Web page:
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Mars Community

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Mars Community
 Ben Wheeler Van Zandt County Texas

Mars Community

"Mars Community A settlement known as Mars flourished at this crossroads from the 1880s until about 1930. The intersection of the Tyler-Porter's Bluff Road (now FM 2339) and the Canton-Athens Road (now FM 773) provided a likely site for a community to develop. Early settlers in the area included John Ammons and his son-in-law, Henry Washington Brown, who arrived in 1869 and purchased 320 acres of land. By 1871, Ammons had deeded two of his acres to the Pleasant Ridge Church and school for constructing a church building and schoolhouse. Wheat was the original crop that area farmers grew, but cotton soon replaced it as the primary crop. H. W. Brown built a cotton gin and grist mill for the community, and a blacksmith shop and two mercantile stores soon followed. Subsequent cotton gin operators included T. J. Bristow, E. P. Miller, W. R. Dyer and W. W. McWilliams. According to local tradition, the mercantile operations were run by H. W. Brown, Thomas Hobbs, T. O Wells, W. A. ""Algie"" Harville, Sr., and J. W. Barefoot. In 1891, a post office was established to serve the settlement. Originally called Acme, the station's name was changed seven years later to mars to reflect the name of the community. A declining population caused the post office to close in 1907 and the school to consolidate with the Bois D'Arc School in 1916. Although little physical evidence remains of the Mars Community, its history helps illustrate the story of cotton gin settlements in Texas.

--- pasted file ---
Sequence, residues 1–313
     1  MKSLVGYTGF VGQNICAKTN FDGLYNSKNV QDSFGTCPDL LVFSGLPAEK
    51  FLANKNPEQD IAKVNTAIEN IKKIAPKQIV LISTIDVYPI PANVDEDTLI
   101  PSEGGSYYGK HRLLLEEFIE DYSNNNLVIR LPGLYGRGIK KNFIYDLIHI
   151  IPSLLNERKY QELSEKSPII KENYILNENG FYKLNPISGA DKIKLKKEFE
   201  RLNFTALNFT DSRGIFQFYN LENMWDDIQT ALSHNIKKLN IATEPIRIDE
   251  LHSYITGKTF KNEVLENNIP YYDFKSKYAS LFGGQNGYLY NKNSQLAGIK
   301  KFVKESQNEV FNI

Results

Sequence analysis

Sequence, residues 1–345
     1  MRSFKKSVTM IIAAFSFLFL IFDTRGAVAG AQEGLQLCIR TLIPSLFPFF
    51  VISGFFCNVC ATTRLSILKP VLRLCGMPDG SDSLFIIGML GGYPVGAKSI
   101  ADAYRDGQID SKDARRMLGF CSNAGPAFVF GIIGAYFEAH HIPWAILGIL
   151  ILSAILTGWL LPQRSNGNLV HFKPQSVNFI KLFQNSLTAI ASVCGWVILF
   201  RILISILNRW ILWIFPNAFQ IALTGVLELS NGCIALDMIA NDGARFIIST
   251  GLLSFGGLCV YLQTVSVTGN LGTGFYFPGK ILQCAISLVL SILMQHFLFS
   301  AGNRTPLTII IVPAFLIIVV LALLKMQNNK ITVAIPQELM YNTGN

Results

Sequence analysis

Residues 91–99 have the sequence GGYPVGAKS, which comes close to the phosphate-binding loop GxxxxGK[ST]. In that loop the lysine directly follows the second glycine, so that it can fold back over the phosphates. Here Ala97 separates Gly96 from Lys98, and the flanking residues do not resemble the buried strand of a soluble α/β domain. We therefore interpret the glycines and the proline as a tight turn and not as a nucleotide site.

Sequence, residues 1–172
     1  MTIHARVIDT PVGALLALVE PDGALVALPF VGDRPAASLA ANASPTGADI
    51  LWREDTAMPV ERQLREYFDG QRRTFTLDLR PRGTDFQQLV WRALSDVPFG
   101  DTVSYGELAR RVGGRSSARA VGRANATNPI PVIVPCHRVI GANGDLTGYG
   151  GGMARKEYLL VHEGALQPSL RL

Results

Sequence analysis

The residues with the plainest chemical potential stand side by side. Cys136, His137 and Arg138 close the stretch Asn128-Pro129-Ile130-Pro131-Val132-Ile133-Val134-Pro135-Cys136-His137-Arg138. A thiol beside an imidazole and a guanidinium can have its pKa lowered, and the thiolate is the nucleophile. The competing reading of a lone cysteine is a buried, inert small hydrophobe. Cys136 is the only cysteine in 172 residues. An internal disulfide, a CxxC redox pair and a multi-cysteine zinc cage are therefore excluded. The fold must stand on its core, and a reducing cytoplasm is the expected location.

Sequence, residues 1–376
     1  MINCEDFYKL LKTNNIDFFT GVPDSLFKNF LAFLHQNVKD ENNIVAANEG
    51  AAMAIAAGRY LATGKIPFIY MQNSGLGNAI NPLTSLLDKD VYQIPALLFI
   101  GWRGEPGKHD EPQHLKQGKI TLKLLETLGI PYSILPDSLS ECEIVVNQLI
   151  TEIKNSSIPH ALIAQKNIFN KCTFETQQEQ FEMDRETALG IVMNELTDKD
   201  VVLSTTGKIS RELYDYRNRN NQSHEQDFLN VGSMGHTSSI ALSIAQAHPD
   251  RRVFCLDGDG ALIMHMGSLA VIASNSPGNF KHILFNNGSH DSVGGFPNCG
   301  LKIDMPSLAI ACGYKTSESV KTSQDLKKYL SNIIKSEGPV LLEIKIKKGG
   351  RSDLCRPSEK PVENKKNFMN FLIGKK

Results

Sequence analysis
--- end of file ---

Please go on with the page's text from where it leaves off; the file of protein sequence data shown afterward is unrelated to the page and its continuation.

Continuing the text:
7 mi. S of Ben Wheeler on FM 773 Ben Wheeler, Texas

Van Zandt County

Year Erected: 2001

Marker Type: 27" x 42"

Van Zandt County Markers

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Coltharp-Beall House


Built 1849 by James Coltharp. Used as stop for stagecoaches. Site of area's first sermon, and Hamburg Post Office. Recorded Texas Historic Landmark - 1964
Coltharp-Beall House

Corinth Baptist Church and School


The church and cemetery at this site are all that remain of the once-thriving community of Corinth. Settled during the 1800s, Corinth boasted a gin, grist mill, blacksmith shop, doctor's office, sa
Corinth Baptist Church and School

Corinth Cemetery


Land for this cemetery was first deeded in 1886 by James Richardson (1814-1887), on whose land grant the Corinth community had developed. Over the years, additional acreage for the graveyard has be
Corinth Cemetery

County Line Missionary Baptist Church


Oral tradition links this church to the original County Line Baptist Church of 1851, the earliest recorded attempt of area African American families to create a community of worship. County Line Co
County Line Missionary Baptist Church

County Seat War


Due to a surveyor's error, the county seat of Van Zandt County was located on private property in 1850. An election was called 27 years later because of discontent with the site. On May 28, 1877, C
County Seat War

Cox Cemetery


Robert K. Gibbs and his family settled in this area in the early 1850s. A gravestone for an infant daughter of R. K. and Sarah Gibbs reveals the earliest documented burial in this cemetery to be No
Cox Cemetery

Creagleville


The rural community of Creagleville traces its beginnings to the 1840s. It was named for German native Henry Creagle (1826-1872), who settled in Van Zandt County about 1847. The community was locat
Creagleville

Dallas-Shreveport Road


A trail established by Caddoan Native Americans and later used by French traders who traversed this area is known today as the Dallas-Shreveport Road. The trail emerged in the mid-1830s as a main r
Dallas-Shreveport Road

Dipping Vat


Before discovery of a dip (1894) and vaccine (1898), the American cattle industry faced ruin, as it lost $40 million annually from cattle tick fever. In 1918, tick eradication began in East Texas,
Dipping Vat

Edgewood Cemetery


District Judge-Elect John C. Robertson (1824-1895) and his partner, W. S. Herndon (1837-1903), gave land in 1878 for a railroad depot. This started Edgewood community. Citizens of Canton moved
Edgewood Cemetery